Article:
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Articles | Volume 1
15 Jul 2019
 | 15 Jul 2019

Effect of Land tenure change on Land use in Machakos County, Kenya

Mary Wamuyu Baaru and Charles K. K. Gachene

Keywords: Land use change, Land subdivision, Human settlement, Land tenure

Abstract. Land tenure is considered an important issue of development agenda and this has led to land allocation and titling in developing countries across continents. As a result, a massive transfer of land rights. Land tenure has been considered as one of the key factors that define patterns and changes in land use system. Due to challenges in collective ownership, Kenya has embraced this idea shifted away to individual land tenure system. This paper examines how land tenure change has influenced land use patterns in Katheka-kai Location, Machakos County for 21 years (1988- 2009), Kenya.

The study area was until 1995 a ranching scheme but transformed to individual farms, providing a niche in studying land use change. Six classes identified as forests, cultivated land, savannah grassland, water bodies, built-up land, rocky areas, and bare land was used for change detection. Thematic change detection for Landsat TM and Landsat ETM+ was established using ENVI EX. This was done by selecting two images of the same scene, with same number of classes and same names at different times.

During the period of 1988–2009, the major land use/cover was savannah grassland, bare land, rocky areas, and forest. Cultivated land, built-up areas, and water bodies had the least land cover. The land use/cover change has been dynamic with about 68.6% land changing from one land use to another between 1988 and 2009 (Figure 1 and 2).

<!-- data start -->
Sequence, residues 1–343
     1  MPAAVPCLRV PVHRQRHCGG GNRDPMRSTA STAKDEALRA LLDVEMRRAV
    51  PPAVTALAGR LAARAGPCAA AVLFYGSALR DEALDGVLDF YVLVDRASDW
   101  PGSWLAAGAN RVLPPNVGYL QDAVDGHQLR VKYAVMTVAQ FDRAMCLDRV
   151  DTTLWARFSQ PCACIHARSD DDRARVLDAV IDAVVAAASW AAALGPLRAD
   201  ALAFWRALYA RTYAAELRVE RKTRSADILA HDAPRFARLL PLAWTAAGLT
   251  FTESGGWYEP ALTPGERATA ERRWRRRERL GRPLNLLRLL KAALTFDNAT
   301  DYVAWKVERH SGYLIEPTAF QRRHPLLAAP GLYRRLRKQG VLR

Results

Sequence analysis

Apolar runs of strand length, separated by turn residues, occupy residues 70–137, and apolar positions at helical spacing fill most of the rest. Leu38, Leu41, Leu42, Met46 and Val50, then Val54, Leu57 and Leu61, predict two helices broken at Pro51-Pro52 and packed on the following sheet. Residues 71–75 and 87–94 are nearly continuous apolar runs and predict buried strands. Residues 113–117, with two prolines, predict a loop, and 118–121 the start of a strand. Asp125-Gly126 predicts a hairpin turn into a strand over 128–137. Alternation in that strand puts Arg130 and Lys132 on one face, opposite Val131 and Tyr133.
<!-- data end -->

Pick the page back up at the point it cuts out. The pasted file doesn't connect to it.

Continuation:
The 24.4% increase recorded in savanna grassland was at the expense of rocky areas, forest cover, bare land and water bodies that lost 18.7, 2.9, 2.1 and 0.7% respectively (Table 1). Despite the loss, forest cover still recorded 2.7% increase between 1988 and 2009 mostly from rocky areas (1.6%) and bare land (1.2%). Apart from becoming savanna grassland, most of the bare land was converted to rocky areas (7.6%), cultivated land (1.8%) and forests (1.2%) and this explains the 7.4% decrease in area under bare land. Cultivated land witnessed a 1.8% increase between 1988 and 2009 and was due to conversion of bare land (1.8%) and forest cover (0.6%) into cultivated land. Increase in percentage area under built-up areas (0.5%) was as result of conversion of bare land (0.2%), rocky areas (0.2%) and savanna grassland (0.1%). Water bodies changed to become savanna grassland (0.7%) and rocky areas (0.4%) and this led to 0.5% decline in land under water bodies.

Savanna grassland, bare land and rocky areas are the dominating land uses/justified by the fact that the area is a rangeland initially hosting a range of wildlife animals. Increased population leads to high demand for food and housing and this explains the increase cultivation land and built-up areas. A study carried out by Gathaara et. al. (2010) in the same area reported that most of the farmers resulted in agricultural activities to meet increasing food demand as well as for economic gains. Similarly, Mundia and Muranyan (2009) reported that changing land tenure policy resulted in expansion of agricultural land. Furthermore, after subdivision and issuance of title deeds to individual members, the owner gets the rights to make land use decisions based on benefits.

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